4 Essential PR Tips For Securing Local Broadcast Media Coverage
Every company has a story to tell. As a former news assignment editor at a local television station, I have heard thousands of story pitches from public relations folks. While these professionals are often passionate and determined to promote the brands they represent, the reality is journalists and editors spend their days monitoring breaking news and planning ahead for seasonal trends and anticipated events.
In the newest data collected by Cision in their 2019 State of the Media Report, they discovered that 75 percent of journalists feel that less than 25 percent of the pitches they received were relevant to stories they cover. With that in mind, here are four helpful tips brands and their public relations representatives should keep in mind when trying to gain local broadcast media’s attention.
Keep it local
The most important thing to remember is to keep the story pitch local. These stations care about local stories sparking the most impact and interest from viewers. What does the story pitch tell the audience that hasn’t already been said? Did the story result in something positive for the community? How many people are going to be affected by this story?
Also, if pitching a general story idea that’s not necessarily breaking, make sure the office or event is within a reasonable distance of the news station. If in fact the station is interested in your angle, they certainly do not want to drive forty-five minutes or longer to get to you. In some cases, this could work depending on the market each station is located and if the story is deemed exclusive, guaranteeing to elevate above their competition’s ratings for that day or week.
Time it out
Stations typically have three team meetings per day. Timing for your stories is very important depending on the type of story you’re pitching. If you’re pitching a general story with no time stamp on it, it doesn’t matter when you contact the news desk or a reporter. If you’re pitching an event, in my experience, team meetings typically happen between these times: 8:30-9:30AM, 12:30-1:30pm and 3:30-4:30pm. Give or take, every station’s agenda could change depending on breaking news, but again, timing is everything.
For events, send the information to the news desk or planner a week in advance, since the desk is your go-to when requesting coverage. They control the cameras and they influence the reporters and managing editors. Then, on event day, be cautiously persistent.
Be persistent but not clingy
I’ve seen many emails get tossed to the trash because of the aggressive persistence from some brands and public relations representatives. Ideally, you want the news desk to be your best friend. So by sending one email, editors will see it and then decide its worth. If it’s not an event or something with a date, it will often be overlooked unless the subject line and first sentence are creative, interesting and in touch with the news of the day.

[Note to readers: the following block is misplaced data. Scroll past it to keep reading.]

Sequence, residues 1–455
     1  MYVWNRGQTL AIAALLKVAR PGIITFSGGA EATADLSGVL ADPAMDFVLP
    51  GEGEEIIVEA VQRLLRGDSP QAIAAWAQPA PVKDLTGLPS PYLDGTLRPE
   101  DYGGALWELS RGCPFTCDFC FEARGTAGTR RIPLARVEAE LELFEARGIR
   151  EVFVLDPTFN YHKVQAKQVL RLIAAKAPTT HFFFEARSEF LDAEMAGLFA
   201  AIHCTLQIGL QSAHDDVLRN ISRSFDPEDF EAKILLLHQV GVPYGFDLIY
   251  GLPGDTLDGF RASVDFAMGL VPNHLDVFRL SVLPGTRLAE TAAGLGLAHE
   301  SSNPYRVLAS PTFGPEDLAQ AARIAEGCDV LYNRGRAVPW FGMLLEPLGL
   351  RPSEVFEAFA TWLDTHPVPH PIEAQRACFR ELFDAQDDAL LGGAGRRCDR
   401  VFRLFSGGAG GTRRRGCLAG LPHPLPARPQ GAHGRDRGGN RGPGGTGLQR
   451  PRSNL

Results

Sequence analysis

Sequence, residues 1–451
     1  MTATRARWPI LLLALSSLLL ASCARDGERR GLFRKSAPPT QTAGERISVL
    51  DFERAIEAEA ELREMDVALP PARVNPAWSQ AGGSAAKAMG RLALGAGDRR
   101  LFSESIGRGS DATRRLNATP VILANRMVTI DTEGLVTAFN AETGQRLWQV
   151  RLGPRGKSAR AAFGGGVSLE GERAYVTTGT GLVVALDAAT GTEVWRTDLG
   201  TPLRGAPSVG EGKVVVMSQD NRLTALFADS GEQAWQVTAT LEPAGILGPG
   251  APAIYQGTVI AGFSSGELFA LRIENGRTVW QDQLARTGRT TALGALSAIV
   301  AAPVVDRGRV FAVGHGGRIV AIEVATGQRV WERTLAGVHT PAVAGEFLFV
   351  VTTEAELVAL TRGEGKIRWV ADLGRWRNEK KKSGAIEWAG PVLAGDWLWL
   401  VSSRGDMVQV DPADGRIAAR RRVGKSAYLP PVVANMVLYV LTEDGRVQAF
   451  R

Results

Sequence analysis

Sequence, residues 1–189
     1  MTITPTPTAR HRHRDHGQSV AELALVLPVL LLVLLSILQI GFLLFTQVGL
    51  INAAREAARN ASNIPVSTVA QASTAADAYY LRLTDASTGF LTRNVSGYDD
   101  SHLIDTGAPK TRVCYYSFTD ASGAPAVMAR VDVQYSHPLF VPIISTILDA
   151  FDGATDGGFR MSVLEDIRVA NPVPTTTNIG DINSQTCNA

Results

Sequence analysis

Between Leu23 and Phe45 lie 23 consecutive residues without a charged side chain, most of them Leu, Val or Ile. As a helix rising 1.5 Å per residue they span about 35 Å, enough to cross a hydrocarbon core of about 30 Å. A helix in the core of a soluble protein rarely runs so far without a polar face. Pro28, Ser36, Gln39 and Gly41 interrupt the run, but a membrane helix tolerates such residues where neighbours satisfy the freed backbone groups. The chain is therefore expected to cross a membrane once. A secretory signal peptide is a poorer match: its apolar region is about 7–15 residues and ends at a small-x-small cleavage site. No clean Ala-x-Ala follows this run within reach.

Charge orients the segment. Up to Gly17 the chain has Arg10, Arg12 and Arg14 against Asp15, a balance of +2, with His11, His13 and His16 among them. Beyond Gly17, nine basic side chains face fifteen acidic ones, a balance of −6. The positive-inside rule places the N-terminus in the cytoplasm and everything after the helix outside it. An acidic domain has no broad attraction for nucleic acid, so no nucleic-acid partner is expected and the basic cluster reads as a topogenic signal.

When engaging local media, whether in email or on a phone call, treat them like a friend and not like you just want something from them. The walls go straight up if the first line is, “I’m reaching out from XXX, and I want to see if you’re covering my event.” Know the tone in the newsroom before hassling the people between the pitch and the cameras. If someone answers flustered, make it brief and say you’ll send an email because they sound busy. They will appreciate that, and it provides a better chance of them reading the email. Be persistent when necessary but don’t jeopardize possible media relationships.
And remember: breaking news kills everything
It only takes one event to “kill” everything. Segments get blown out within minutes, even after shows have already started. Never get offended if your story or event gets “killed.” Sure, it isn’t ideal, but it happens all the time.
It goes back to resources. Some stations don’t have the staff, equipment or air time to cover all of the news of the day. They certainly have slow days, which is ideal, and you would typically have better luck on a slow day. Don’t be discouraged if someone tells you they have breaking news to attend to; they’re not lying.
Every story is worth a listen, assuming it has an interesting and relevant impact on the station’s audience. Just know how to highlight those factors in the pitch, and you can position your brand and story to attract local broadcast media attention.
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Ashley Wolf is an Account Executive at Flackable, a national, full-service public relations agency headquartered in Philadelphia. Follow Ashley on Twitter at @AshMWolf.